The Church Outside the Institution and Outside Christendom

With Traditional Christendom struggling and people skeptical of the institutional church, in many parts of the world (Australia, New Zealand, Europe, and now the USA), a growing movement of Christians is seeking to do church outside the building.  Since the church is NOT the building, and the church is NOT the institution, some Christians are finding that it is better to live outside the traditional church.  The generation under 30 is especially feeling this way.

There was an article about two young men,   David Knepprath and Josh Guisinger  (pictured above), that moved into a low-income apartment complex in suburban Portland, Oregon to create community.  This is an area where there is drugs, prostitution, and gangs.  The quality of life is low in an apartment complex like this.  But these 2 young Christians moved in and cook meals for people, host birthday parties for tenants, and do a variety of things to build up community.  At the forefront of their goals is not building a church, or even converting people, but to serve people and make their lives a little bit better in tangible ways.

Excerpt from the article:

So while they were open about their Christianity, they didn't plunge into conversations about their faith. Nor did they move in acting as if they could solve the social ills at Barberry Village.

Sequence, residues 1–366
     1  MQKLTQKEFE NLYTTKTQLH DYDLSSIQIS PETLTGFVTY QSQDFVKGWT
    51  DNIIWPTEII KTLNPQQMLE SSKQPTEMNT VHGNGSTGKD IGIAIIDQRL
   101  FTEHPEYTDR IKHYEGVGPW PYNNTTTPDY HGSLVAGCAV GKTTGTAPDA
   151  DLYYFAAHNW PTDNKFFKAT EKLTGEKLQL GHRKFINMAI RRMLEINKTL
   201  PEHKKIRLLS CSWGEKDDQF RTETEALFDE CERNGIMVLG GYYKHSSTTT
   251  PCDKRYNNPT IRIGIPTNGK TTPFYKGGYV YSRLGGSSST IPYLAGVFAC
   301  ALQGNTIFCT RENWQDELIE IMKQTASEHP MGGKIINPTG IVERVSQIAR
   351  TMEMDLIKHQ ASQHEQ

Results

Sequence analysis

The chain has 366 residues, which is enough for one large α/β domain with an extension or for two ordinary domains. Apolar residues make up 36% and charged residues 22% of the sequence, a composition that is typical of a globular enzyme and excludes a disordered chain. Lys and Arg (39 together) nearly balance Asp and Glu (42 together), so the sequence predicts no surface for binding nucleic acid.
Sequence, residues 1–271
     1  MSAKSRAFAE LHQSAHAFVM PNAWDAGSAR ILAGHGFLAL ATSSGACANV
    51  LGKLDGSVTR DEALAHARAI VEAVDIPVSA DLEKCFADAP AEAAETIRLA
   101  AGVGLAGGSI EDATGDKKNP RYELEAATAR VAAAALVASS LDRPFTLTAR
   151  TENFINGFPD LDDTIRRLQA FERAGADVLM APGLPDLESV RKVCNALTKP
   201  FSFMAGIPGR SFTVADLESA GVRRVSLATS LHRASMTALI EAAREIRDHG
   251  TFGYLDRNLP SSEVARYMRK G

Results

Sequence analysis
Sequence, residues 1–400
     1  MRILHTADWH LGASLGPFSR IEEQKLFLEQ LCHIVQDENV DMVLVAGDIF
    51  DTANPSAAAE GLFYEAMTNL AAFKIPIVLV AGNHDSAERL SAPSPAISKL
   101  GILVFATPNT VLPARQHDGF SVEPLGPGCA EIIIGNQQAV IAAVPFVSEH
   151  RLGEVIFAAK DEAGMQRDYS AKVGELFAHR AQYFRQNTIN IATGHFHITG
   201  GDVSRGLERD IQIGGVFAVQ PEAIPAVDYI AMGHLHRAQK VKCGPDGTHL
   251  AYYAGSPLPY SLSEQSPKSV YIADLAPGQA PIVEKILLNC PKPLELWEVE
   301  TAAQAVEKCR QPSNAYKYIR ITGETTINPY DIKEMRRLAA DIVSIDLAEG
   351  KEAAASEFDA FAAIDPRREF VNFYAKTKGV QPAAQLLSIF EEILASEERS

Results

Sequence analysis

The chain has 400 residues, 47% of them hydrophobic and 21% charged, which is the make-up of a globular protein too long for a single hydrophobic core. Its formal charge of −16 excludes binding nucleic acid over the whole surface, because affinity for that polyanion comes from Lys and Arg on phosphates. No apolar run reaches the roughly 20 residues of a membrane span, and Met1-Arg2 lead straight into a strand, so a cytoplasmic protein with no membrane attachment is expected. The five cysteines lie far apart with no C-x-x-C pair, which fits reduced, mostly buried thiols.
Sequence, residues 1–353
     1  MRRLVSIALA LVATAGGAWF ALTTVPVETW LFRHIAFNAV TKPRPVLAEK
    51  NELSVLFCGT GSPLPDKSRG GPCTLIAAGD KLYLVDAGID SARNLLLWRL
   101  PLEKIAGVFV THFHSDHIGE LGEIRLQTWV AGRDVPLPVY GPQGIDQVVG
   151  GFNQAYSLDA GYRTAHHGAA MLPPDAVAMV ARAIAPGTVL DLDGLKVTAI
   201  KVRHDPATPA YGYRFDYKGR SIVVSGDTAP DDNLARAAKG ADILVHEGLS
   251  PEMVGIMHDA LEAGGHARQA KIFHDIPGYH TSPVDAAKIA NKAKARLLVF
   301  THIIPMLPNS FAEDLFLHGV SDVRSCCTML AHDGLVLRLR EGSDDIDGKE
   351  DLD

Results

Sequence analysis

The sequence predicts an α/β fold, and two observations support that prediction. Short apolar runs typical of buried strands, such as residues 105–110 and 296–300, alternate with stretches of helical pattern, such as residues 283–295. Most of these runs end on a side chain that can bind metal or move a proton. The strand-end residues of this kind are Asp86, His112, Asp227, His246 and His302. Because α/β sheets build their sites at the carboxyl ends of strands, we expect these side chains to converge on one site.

"We were very conscious of that," said Knepprath, who has since moved out but remains active in the ministry. "Our perspective from the start was that we're not here with all the solutions, or even thinking we know all the problems."

So they walked door to door, handing out chocolate-chip cookies. A letter explained their purpose and faith. They invited residents to the first community meal.

A few people shut the door in their faces. One guy answered with a Taser gun. But others accepted the cookies in the spirit they were offered, and the first seeds of friendship were sown.

It's not unusual for Christians to move into impoverished areas to work with the poor. But movements like new monasticism have gained momentum in recent years.

The benefits of this from the perspective of people dealing in Post-Christendom settings is that it makes it obvious to the secular community that we are not trying to ghettoize ourselves or use people to build up an institution.

Of course, Christianity conquered the Roman Empire by doing this exact thing.  It was the older pagan faiths of the Roman world that was institutionalized.  Christianity was made of small communities, living together and bringing an unusual sense of community and overall stability to the barbarism of collapsing Rome.

The same thing was seen with Christian communities in China amidst the destruction of the communist ethos in China after 1978.  The moral vacuum that erupted was filled by Christian communities that knew how to care for their own and others in a society that was transitioning from forced communalism to radical individualism.

Read the full article here: